WASHINGTON, DC. — U.S. Attorney General Merrick Garland threatened legal action against Texas Gov. Greg Abbott’s executive order targeting migrants in a Thursday letter, calling it “both dangerous and unlawful” and urging the governor to immediately rescind it.
On Wednesday, Abbott issued an executive order restricting ground transportation of migrants “who pose a risk of carrying Covid-19 into Texas communities” and directing Texas Department of Public Safety to stop any vehicle it finds suspicious, marking the governor’s latest attack against the administration’s immigration policies.
Abbott, a Republican who’s up for re-election in 2022, has repeatedly tried to link a rise of Covid-19 cases to migration, though he’s stalled efforts by the Biden administration to provide federal funds for Covid-19 tests for migrants released from custody.
In his letter, Garland said the order violates federal law “in numerous respects” and warned of its implications, saying that Texas has no authority to interfere with US immigration enforcement.
“The Order would jeopardize the health and safety of noncitizens in federal government custody, federal law enforcement personnel and their families, and our communities. Among other harms, the Order would exacerbate and prolong overcrowding in facilities and shelters and obstruct the federal government’s arrangements with state, local, and nongovernmental partners to ensure that released individuals are transported for appropriate COVID-19 testing to address public health concerns,” the letter reads.
“Additionally, because federal law requires individuals processed for release to appear before immigration courts or report to U.S. Immigration and Customs Enforcement offices throughout the country, the Order directly interferes with the implementation of federal immigration law,” it continues.
The Department of Homeland Security also sent Abbott’s order to its attorneys to get their assessment, according to Democratic Congressman Henry Cuellar of Texas, who spoke to department officials.
Abbott didn’t respond directly to the letter, but in a statement maintained: “I will take every available step consistent with the law to fulfill my duty to protect the health and safety of all Texans.”
Federal officials say Abbott’s actions risk worsening the situation along the US southern border despite his pronouncements that the directives will strengthen security.
The executive order doesn’t apply to federal, state or local law enforcement, but it could put US Customs and Border Protection in a bind because the agency relies in part on non-governmental organizations to assist in transporting migrants to their next destination, a CBP official told CNN. Losing support from NGOs could take agents away from processing to provide transport, the official added.
“This is intentionally trying to mess things up,” the CBP official said.
Democratic Rep. Vicente Gonzalez of Texas called the order “very disruptive.”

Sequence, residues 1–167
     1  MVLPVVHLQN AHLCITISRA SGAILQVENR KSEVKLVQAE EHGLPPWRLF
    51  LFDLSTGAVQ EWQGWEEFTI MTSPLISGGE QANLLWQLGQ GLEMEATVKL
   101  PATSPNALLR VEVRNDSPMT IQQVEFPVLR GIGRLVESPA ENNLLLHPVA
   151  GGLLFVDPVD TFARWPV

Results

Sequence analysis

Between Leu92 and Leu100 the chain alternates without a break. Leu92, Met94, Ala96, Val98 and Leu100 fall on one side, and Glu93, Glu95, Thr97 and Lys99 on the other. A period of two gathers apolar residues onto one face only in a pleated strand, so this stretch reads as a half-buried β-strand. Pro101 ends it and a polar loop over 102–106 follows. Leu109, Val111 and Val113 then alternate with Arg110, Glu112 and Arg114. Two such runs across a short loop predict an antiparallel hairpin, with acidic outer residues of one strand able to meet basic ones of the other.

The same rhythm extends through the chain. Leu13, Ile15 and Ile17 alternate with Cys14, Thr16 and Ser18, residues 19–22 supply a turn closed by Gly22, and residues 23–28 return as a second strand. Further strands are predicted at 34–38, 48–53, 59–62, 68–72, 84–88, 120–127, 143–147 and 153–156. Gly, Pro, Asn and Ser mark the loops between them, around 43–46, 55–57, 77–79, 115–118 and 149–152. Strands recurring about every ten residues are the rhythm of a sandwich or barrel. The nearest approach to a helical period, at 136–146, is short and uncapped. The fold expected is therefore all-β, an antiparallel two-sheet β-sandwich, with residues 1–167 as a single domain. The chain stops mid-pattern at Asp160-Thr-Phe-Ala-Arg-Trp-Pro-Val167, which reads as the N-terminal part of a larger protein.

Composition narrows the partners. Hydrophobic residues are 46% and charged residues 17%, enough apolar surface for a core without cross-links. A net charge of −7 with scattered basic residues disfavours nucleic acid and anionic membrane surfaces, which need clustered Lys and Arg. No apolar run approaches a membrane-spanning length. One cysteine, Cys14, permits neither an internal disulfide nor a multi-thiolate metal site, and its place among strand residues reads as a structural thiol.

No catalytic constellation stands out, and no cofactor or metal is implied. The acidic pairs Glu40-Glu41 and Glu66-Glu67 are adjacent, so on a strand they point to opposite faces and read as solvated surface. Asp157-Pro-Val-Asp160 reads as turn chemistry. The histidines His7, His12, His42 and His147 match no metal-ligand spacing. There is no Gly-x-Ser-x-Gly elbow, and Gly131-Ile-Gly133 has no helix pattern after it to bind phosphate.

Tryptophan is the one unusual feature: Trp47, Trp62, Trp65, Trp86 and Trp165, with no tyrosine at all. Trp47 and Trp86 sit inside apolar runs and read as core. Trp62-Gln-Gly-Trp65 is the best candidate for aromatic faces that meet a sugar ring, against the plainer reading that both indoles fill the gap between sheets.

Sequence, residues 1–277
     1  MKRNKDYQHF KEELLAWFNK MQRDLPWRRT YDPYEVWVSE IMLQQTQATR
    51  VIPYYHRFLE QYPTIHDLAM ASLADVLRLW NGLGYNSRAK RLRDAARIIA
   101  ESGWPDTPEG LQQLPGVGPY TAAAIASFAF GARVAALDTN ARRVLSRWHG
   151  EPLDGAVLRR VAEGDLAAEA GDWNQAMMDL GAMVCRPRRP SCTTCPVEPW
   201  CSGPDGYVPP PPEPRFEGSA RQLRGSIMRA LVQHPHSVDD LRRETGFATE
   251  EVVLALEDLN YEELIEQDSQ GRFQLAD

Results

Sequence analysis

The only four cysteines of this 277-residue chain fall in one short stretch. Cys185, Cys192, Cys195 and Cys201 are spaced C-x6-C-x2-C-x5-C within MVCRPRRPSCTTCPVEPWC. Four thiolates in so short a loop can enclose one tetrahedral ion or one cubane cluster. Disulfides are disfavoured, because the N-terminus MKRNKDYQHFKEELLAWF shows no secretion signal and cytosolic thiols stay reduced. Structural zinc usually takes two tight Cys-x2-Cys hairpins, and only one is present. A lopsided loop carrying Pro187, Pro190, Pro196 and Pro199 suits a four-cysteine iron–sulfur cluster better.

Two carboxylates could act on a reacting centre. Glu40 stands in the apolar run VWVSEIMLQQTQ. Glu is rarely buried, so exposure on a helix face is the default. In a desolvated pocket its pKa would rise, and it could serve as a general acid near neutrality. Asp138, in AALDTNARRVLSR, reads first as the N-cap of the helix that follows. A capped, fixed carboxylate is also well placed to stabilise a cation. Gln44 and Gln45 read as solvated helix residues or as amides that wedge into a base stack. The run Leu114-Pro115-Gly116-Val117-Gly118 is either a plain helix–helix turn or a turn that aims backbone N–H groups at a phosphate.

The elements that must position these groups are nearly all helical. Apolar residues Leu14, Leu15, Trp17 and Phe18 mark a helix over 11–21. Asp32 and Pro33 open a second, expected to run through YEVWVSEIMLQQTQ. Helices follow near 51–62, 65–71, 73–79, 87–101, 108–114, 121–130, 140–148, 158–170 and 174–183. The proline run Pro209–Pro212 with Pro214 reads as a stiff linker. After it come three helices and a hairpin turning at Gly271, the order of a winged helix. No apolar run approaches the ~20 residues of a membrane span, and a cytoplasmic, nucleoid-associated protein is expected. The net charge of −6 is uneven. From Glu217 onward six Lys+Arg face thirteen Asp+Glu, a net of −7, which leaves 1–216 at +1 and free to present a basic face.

“I think it’s a violation of many people’s civil rights. I think it’s going to lead to racial profiling,” Gonzalez told CNN, referring to Abbott. “This executive order wasn’t very thoughtful. I don’t think he’s really thinking about the end game of where this is going to take us.”
Gonzalez said he’s spoken with House Speaker Nancy Pelosi about the order and is organizing a meeting with Homeland Security Secretary Alejandro Mayorkas about next steps.
Ongoing federal disputes with Texas
It’s not the first time Abbott’s directives have threatened to disrupt federal operations. Earlier this year, Abbott ordered state health officials to stop licensing child-care facilities that house migrant children operated by the Office of Refugee Resettlement, the agency under the Department of Health and Human Services tasked with the care of migrant children. HHS responded by sending a letter threatening legal action.
Immigrant advocates and legal observers have also questioned the legality of Abbott’s directives and cast his actions as trying to score political points. Aaron Reichlin-Melnick, policy counsel at the American Immigration Council, called Wednesday’s order “unconstitutional on its face.”
“It also strongly increases the risk of unconstitutional racial profiling by calling on Texas DPS to pull over any vehicle that they have reasonable suspicion is transporting migrants,” Reichlin-Melnick said, noting that the order could affect ongoing efforts between the administration and organizations.
“That could severely disrupt the Biden administration’s effort to create a public and private partnership to ensure migrants released by government custody are not simply dropped off at the bus station with no idea where to go,” he added.
Nongovernmental organizations often help transport migrants who are released from company, using companies, like Greyhound, to get people around. Asked about the Texas order, Greyhound said in a statement that the company “complies with all federal and state laws.”
While rolling out its immigration agenda, the Biden administration has also contended with a high number of arrests at the US southern border. In June, US Border Patrol apprehended 178,416 migrants at the US-Mexico border, some of whom were repeat crossers, according to the latest available CBP data.
In the latest indication of the administration’s wariness over migrants, including those seeking asylum, journeying to the US southern border, officials scratched plans to wind down a Trump-era border policy linked to the pandemic at the end of this month, angering advocates who say it puts migrants in harm’s way. This week, the administration also announced plans to speed up deportations for some migrant families who cross the US-Mexico border.